(b) “Geneva Convention” means the Convention of 28 July 1951 relating to the status of refugees, as amended by the New York Protocol of 31 January 1967;
(c) “displaced persons” means third-country nationals or stateless persons who have had to leave their country or region of origin, or have been evacuated, in particular in response to an appeal by international organisations, and are unable to return in safe and durable conditions because of the situation prevailing in that country, who may fall within the scope of Article 1A of the Geneva Convention or other international or national instruments giving international protection, in particular:
(i) persons who have fled areas of armed conflict or endemic violence;
(ii) persons at serious risk of, or who have been the victims of, systematic or generalised violations of their human rights;
(d) “mass influx” means arrival in the Community of a large number of displaced persons, who come from a specific country or geographical area, whether their arrival in the Community was spontaneous or aided, for example through an evacuation programme;
(e) “refugees” means third-country nationals or stateless persons within the meaning of Article 1A of the Geneva Convention;
(f) “unaccompanied minors” means third-country nationals or stateless persons below the age of eighteen, who arrive on the territory of the Member States unaccompanied by an adult responsible for them whether by law or custom, and for as long as they are not effectively taken into the care of such a person, or minors who are left unaccompanied after they have entered the territory of the Member States;
(g) “residence permit” means any permit or authorisation issued by the authorities of a Member State and taking the form provided for in that State’s legislation, allowing a third country national or a stateless person to reside on its territory;
(h) “sponsor” means a third-country national enjoying temporary protection in a Member State in accordance with a decision taken under Article 5 and who wants to be joined by members of his or her family.
 

Article 3

  1. Temporary protection shall not prejudge recognition of refugee status under the Geneva Convention.
  2. Member States shall apply temporary protection with due respect for human rights and fundamental freedoms and their obligations regarding non-refoulement.
  3. The establishment, implementation and termination of temporary protection shall be the subject of regular consultations with the Office of the United Nations High Commissioner for Refugees (UNHCR) and other relevant international organisations.
  4. This Directive shall not apply to persons who have been accepted under temporary protection schemes prior to its entry into force.
  5. This Directive shall not affect the prerogative of the Member States to adopt or retain more favourable conditions for persons covered by temporary protection.

 

CHAPTER II Duration and implementation of temporary protection
 

Article 4

  1. Without prejudice to Article 6, the duration of temporary protection shall be one year. Unless terminated under the terms of Article 6(1)(b), it may be extended automatically by six monthly periods for a maximum of one year.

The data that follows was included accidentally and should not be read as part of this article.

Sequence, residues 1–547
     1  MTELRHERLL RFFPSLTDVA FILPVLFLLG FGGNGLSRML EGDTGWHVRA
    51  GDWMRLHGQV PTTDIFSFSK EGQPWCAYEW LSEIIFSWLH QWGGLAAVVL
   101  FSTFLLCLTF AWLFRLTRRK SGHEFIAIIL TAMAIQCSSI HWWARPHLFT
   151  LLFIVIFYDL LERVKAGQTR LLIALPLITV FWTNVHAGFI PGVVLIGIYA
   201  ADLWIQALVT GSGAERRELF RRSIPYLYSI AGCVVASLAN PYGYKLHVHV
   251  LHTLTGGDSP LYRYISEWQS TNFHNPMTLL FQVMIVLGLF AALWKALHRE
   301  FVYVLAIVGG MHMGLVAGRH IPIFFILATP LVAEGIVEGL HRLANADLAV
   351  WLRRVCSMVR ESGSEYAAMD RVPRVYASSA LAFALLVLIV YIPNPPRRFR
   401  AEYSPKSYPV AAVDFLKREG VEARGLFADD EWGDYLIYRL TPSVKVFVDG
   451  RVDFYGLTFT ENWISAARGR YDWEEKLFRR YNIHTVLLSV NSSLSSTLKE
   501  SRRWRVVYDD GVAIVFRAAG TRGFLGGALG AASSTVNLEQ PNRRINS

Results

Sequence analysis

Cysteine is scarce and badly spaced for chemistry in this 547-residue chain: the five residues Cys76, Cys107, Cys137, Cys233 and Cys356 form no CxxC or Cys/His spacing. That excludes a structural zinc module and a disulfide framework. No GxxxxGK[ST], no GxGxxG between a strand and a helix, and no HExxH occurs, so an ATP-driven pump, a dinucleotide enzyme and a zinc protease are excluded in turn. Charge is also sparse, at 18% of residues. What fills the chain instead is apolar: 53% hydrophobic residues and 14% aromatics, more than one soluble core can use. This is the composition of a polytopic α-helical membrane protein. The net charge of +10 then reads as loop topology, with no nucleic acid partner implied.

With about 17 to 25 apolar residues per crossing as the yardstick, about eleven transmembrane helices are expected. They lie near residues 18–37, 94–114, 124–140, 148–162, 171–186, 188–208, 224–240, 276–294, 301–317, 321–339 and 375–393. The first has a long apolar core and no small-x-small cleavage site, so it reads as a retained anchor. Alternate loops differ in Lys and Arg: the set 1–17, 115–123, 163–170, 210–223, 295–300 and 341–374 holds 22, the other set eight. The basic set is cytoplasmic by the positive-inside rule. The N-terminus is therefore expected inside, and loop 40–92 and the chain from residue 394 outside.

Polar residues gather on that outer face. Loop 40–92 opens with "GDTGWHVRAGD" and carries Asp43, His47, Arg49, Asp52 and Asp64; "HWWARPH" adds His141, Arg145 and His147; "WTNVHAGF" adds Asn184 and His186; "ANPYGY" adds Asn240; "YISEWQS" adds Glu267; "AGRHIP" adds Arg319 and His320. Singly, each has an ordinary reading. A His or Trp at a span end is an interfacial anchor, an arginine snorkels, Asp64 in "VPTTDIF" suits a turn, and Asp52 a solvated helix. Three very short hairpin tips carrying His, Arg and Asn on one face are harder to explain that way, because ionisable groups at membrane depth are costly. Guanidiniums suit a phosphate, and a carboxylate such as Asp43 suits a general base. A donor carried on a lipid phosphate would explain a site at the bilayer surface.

2. Where reasons for temporary protection persist, the Council may decide by qualified majority, on a proposal from the Commission, which shall also examine any request by a Member State that it submit a proposal to the Council, to extend that temporary protection by up to one year.

 

Article 5

  1. The existence of a mass influx of displaced persons shall be established by a Council Decision adopted by a qualified majority on a proposal from the Commission, which shall also examine any request by a Member State that it submit a proposal to the Council.
  2. The Commission proposal shall include at least:

(a) a description of the specific groups of persons to whom the temporary protection will apply;
(b) the date on which the temporary protection will take effect;
(c) an estimation of the scale of the movements of displaced persons.

  1. The Council Decision shall have the effect of introducing temporary protection for the displaced persons to which it refers, in all the Member States, in accordance with the provisions of this Directive. The Decision shall include at least:

(a) a description of the specific groups of persons to whom the temporary protection applies;
(b) the date on which the temporary protection will take effect;
(c) information received from Member States on their reception capacity;
(d) information from the Commission, UNHCR and other relevant international organisations.

  1. The Council Decision shall be based on:

(a) an examination of the situation and the scale of the movements of displaced persons;
(b) an assessment of the advisability of establishing temporary protection, taking into account the potential for emergency aid and action on the ground or the inadequacy of such measures;
(c) information received from the Member States, the Commission, UNHCR and other relevant international organisations.

  1. The European Parliament shall be informed of the Council Decision.

 

Article 6

  1. Temporary protection shall come to an end:

(a) when the maximum duration has been reached; or
(b) at any time, by Council Decision adopted by a qualified majority on a proposal from the Commission, which shall also examine any request by a Member State that it submit a proposal to the Council.